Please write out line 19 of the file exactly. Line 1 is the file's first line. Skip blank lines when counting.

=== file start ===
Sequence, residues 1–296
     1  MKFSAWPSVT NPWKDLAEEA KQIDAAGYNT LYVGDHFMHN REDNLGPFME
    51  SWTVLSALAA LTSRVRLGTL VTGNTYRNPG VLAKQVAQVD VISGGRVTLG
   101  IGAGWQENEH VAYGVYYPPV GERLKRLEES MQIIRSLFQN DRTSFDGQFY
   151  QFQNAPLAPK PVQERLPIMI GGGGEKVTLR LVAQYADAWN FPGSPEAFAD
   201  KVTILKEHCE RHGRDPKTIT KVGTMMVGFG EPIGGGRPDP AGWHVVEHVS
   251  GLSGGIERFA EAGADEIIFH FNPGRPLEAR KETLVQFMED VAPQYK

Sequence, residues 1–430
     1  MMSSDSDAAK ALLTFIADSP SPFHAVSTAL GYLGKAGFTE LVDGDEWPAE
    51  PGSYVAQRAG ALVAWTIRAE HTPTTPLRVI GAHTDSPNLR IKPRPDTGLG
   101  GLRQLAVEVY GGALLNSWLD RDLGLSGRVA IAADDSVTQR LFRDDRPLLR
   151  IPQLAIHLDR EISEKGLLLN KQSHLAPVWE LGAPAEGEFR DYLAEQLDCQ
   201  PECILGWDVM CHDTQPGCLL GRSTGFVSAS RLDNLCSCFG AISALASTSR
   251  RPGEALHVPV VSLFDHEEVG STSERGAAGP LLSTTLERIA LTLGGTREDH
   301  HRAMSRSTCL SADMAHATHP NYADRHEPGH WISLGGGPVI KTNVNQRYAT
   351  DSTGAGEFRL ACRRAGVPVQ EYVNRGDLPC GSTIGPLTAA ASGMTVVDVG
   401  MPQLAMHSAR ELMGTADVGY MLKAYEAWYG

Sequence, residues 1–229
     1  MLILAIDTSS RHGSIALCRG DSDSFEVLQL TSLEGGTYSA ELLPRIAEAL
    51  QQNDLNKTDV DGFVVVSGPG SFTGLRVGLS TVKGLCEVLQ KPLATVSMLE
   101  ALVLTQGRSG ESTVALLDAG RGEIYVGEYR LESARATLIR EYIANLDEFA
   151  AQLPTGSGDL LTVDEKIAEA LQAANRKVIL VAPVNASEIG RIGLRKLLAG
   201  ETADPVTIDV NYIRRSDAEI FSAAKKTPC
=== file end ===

     1  MLILAIDTSS RHGSIALCRG DSDSFEVLQL TSLEGGTYSA ELLPRIAEAL